The Conservatives and climate change

Simon Wren-Lewis, in his mainly macro blog, points out that there is a big disconnect between Conservative party words and action on climate change. Their words are vaguely green, and imply that they take climate change seriously. Their actions are not in the slightest bit green.

In an earlier article, George Monbiot noted a part of the innocently titled ‘Infrastructure Bill’ currently going through parliament. Section (36, p39) is headed ‘Maximising economic recovery of UK petroleum’. Its principle objective is to do just that. Now it does not take a climate scientist to realise that trying to restrict our use of fossil fuels to avoid climate change requires leaving quite a lot of them in the ground. So this bill suggests that whatever the UK government says about climate change, the UK contribution in terms of limiting extraction of oil will be exactly zero.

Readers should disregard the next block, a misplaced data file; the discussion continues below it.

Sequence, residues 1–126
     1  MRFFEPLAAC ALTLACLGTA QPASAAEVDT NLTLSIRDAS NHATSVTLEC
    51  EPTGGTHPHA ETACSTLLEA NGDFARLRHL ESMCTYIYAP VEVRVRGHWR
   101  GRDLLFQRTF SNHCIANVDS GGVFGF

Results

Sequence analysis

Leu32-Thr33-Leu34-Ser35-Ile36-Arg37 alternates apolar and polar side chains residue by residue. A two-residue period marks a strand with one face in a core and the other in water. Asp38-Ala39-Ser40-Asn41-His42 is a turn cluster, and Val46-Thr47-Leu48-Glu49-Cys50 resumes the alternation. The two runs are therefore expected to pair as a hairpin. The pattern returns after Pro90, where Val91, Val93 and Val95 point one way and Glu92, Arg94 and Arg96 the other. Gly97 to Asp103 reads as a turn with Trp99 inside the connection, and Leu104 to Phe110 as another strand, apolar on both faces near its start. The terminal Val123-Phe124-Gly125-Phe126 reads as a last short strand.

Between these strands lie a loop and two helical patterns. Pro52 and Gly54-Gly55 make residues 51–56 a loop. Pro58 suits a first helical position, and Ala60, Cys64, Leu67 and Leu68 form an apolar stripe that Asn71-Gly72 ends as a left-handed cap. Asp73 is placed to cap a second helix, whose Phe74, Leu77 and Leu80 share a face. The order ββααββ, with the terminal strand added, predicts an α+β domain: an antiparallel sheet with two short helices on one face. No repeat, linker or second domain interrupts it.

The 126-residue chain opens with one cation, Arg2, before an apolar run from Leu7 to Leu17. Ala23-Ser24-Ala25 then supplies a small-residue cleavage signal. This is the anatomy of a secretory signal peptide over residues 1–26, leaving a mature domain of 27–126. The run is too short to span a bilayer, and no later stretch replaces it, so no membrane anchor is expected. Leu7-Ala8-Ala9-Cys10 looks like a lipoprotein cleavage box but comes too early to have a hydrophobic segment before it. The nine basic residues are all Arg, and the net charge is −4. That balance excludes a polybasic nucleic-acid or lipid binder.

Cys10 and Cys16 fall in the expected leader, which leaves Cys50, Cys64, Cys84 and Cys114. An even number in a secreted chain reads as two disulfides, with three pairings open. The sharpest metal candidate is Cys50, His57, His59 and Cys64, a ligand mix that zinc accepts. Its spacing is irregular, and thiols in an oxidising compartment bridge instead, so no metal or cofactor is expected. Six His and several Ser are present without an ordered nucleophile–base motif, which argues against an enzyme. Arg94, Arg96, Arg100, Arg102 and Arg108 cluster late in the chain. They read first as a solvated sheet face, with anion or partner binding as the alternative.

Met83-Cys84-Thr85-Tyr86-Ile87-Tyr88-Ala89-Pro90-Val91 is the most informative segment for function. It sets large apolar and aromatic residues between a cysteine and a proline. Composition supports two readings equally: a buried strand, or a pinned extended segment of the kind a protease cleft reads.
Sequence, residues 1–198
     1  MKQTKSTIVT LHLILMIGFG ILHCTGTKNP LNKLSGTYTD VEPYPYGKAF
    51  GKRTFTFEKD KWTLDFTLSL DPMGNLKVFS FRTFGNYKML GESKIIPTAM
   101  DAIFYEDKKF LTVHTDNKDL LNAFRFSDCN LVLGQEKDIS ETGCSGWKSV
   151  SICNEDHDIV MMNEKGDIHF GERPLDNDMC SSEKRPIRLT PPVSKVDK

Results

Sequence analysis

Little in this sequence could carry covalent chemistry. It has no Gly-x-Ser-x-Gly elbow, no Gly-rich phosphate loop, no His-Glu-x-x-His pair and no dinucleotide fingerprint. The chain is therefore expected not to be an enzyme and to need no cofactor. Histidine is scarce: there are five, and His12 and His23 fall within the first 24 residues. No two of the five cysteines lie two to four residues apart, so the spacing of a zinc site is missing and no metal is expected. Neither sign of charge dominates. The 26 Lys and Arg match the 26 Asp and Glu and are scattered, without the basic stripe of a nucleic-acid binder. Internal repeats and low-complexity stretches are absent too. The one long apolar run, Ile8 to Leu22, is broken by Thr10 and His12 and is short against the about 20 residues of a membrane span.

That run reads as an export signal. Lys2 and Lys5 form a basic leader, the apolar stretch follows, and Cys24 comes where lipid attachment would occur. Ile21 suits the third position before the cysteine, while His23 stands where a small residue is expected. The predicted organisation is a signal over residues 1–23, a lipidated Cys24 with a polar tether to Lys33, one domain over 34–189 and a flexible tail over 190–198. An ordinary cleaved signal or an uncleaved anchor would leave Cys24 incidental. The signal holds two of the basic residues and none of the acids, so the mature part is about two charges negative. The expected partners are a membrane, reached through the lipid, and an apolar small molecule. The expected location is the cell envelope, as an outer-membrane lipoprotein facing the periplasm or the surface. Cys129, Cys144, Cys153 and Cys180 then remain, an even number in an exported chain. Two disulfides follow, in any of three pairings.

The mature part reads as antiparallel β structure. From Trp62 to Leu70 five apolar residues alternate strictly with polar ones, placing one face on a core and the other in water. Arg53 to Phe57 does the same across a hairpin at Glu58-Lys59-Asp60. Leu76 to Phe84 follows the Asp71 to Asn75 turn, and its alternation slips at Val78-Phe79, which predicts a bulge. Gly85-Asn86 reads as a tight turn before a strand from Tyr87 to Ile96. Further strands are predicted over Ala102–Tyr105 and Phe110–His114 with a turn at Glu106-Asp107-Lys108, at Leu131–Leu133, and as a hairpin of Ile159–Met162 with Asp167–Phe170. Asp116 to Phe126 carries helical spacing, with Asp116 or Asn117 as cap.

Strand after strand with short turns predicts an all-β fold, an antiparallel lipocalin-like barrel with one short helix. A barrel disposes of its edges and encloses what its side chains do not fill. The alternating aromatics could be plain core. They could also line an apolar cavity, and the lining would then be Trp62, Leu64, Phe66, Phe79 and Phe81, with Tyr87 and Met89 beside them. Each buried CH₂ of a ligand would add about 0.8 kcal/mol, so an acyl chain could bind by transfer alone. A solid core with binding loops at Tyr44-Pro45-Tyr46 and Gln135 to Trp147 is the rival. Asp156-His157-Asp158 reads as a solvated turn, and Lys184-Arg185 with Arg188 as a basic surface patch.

On the whole, most people in the UK are not climate change deniers, so the Conservative party probably isn’t going to come out openly on that side of the debate.  But that won’t mean that they won’t behave like climate change deniers.


Interesting links

I’ve found these interesting, in one way or another:

  1. Is the eurozone a casino? The current betting strategy is madness.
  2. Do what I say, not what I do.
  3. xkcd’s really on a roll at the moment — one for mathematicians.
  4. One for your Christmas list. It would be so cool!
  5. You should choose your Christmas cards carefully if you’ve got any astronomer friends.
Interesting Uncategorized

Interesting links

Some things I’ve found interesting:

  1. Have you seen those Google ads on the tube? The example they give of a strong password isn’t so strong after all. It’s always worth checking the statistics.
  2. The important field – as usual with xkcd, make sure you read the alt-text
  3. Language is not writing, and some myths that arise from the mis-identification
  4. Sometimes, animations are the best way of showing data. This is a great one on global warming.
  5. Don’t believe everything you read on Wikipedia – and remember the alt-text!

The real cost of keeping warm

If we are to deal with climate change, the price of carbon-intensive energy is going to have to rise, says Tim Harford.

It makes sense. We have to reduce our energy use, and pricing is a good mechanism to help that along. Along the same lines, fuel duty is a Good Thing.